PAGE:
by Aria Wilson As students gear up for colder weather since going back to school, Launch commends school districts on working diligently to re-engage students in the classroom this fall. Launch has been a Youth Development Executives of King County (YDEKC) Member organization since its inception in 2011, and for four decades, they have been dedicated to serving children of all backgrounds in the greater Seattle area. Their programs support a child’s social, emotional, and educational development — leading to brilliant outcomes. At present, there are twelve locations run by trained and caring staff who provide research-based, enriching activities for preschool and school-age children.
Launch, formerly Community Day School Association, has a mission to “lead the charge to brilliant outcomes for the children of our community by ensuring equitable access to the highest quality learning and care.” They offer year-round kindergarten readiness Preschool Program for children ages 3-5; a School Age Program that includes remote learning support, virtual field trips, enrichment activities, and outdoor play; and nine weeks of Summer Programs for children ages 3–12, with weekly themes and flexible enrollment in the greater Seattle area. Launch’s collaboration with Seattle Public Schools allows staff to communicate and partner with teachers, building on and complementing school-day learning. When COVID-19 hit, they quickly shifted their before-and-afterschool programming to full-day care, prioritizing free care to essential workers.
Angela Griffin, Chief Executive Officer of Launch and YDEKC Advisory Board Co-Chair, shares that, “Since there are still many unknowns with the multiple new variants of COVID-19, I am hopeful we do not need to send children back into remote learning, which could be avoided if schools continue diligently following health and safety protocols.” In August, the Washington State Department of Health updated their K-12 COVID-19 Requirements for Summer 2021 and the 2021-2022 School Year (PDF). While many decisions are made at a local level for each school district, all districts in Washington are currently required to provide in-person learning for the 2021-2022 school year.
Within the past year, when the pandemic hit, Launch stayed open to provide child care for essential workers and was able to minimize the loss of employees and furloughs. In late March of 2020, Launch was able to reopen five of their sites to provide emergency care for children of essential workers for free through June of 2020, in partnership with the City of Seattle. Launch also partnered with Seattle Children’s Hospital to offer vital child care services to their frontline workforce during spring 2020.
As one Launch parent shared, “I am so grateful to have Launch Emergency Care for my children. Knowing that they’re being cared for by loving staff is beyond reassuring while working as a healthcare provider during this pandemic. Launch is not just a place that has taken care of my kids during this time – the Launch staff have continued my kids’ academic education, nurtured their passions for social justice, and provided enriching and fun activities.”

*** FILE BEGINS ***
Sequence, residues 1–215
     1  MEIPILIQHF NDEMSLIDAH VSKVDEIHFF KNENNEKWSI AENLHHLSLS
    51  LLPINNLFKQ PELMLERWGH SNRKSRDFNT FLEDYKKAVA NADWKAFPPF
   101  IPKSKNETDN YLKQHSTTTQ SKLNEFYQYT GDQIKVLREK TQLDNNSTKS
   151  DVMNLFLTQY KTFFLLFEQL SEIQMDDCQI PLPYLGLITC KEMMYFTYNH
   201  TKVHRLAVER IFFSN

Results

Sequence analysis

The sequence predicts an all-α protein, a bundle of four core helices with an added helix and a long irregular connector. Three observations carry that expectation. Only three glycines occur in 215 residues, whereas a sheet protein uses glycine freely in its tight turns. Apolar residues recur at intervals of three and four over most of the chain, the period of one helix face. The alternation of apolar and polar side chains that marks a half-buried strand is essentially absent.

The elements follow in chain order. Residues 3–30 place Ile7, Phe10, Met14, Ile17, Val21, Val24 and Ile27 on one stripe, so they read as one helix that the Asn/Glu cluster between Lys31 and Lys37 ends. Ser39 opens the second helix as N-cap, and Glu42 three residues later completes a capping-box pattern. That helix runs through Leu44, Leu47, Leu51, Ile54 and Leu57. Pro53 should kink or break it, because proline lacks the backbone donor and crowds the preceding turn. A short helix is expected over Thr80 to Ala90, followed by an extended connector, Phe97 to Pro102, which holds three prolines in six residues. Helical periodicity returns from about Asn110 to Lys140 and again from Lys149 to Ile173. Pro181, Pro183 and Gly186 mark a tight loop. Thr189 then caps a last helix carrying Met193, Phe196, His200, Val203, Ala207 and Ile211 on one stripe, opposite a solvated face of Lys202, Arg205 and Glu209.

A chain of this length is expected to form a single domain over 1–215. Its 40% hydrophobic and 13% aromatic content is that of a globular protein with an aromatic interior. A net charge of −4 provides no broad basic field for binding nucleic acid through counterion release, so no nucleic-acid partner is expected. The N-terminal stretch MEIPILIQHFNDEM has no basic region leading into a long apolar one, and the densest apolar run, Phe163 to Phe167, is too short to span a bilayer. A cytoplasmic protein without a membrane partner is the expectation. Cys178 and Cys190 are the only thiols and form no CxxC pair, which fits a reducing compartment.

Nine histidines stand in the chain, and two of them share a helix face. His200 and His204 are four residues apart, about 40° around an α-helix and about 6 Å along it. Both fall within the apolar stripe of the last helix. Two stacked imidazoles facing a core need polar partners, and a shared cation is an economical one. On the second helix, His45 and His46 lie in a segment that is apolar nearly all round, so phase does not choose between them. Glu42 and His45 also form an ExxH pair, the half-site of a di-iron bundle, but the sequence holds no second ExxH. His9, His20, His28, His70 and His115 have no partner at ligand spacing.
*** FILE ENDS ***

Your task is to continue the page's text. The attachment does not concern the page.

Launch was also able to increase their staff’s wages that worked directly with families and children that were at risk for contracting COVID-19. Before schools fully returned to in-person instruction in the fall of 2021, over sixty percent of their students that were enrolled were the children of essential workers.
When addressing the urgency of supporting children and families who are Black, Indigenous, and people of color (BIPOC), Angela stated, “It’s important to be intentional about the people that we support because so many of our systems have been designed for the successful outcome of white children, and if we are true to our missions, we need to be sure of how we’re centering our BIPOC youth in our planning, who we bring in as members, who has access to resources, and we need to be able to hear the stories and experiences of BIPOC children, and youth and families to inform such systems that have historically oppressed them.”
Launch operates on a lean budget, and any expenses that don’t go directly towards a program help them increase their awareness of racial equity in the services that they offer. One of the biggest challenges that Launch has faced since the pandemic, has been getting funders to understand the essentialness of their work. Through YDEKC’s advocacy and support, Launch can create the necessary awareness to attract funders by conveying the significance of racial equity in youth and child development programs. Without child care, essential workers can’t do their jobs. Traditionally, funders have “backed away” from funding child care programs due to facilities relying on tuition from parents and the Department of Children, Youth and Families. However, the pandemic has led to staff turnover in child care being at an all-time high, and now is the time to give family and child service workers the wages they deserve.
Launch’s opportunity with YDEKC is one that can show the public and advocates in the field of youth development who the BIPOC-led and serving organizations are in King County. As an Advisory Board Member of YDEKC, Angela states, “My hope over the next year is that YDEKC increases its engagement with its members and that we take advantage of the diversity that our members provide and share leadership across sectors for the youth that we serve.” Over the last year, Angela has been able to shift her role as a co-chair on the board to help establish YDEKC’s board governance structure to expand engagement with members.
Launch looks forward to continuing its strong partnership with YDEKC and Seattle Public Schools through early learning and school-age child care programs to help schools address COVID-19 learning loss and continue to build the social-emotional learning skills of students.
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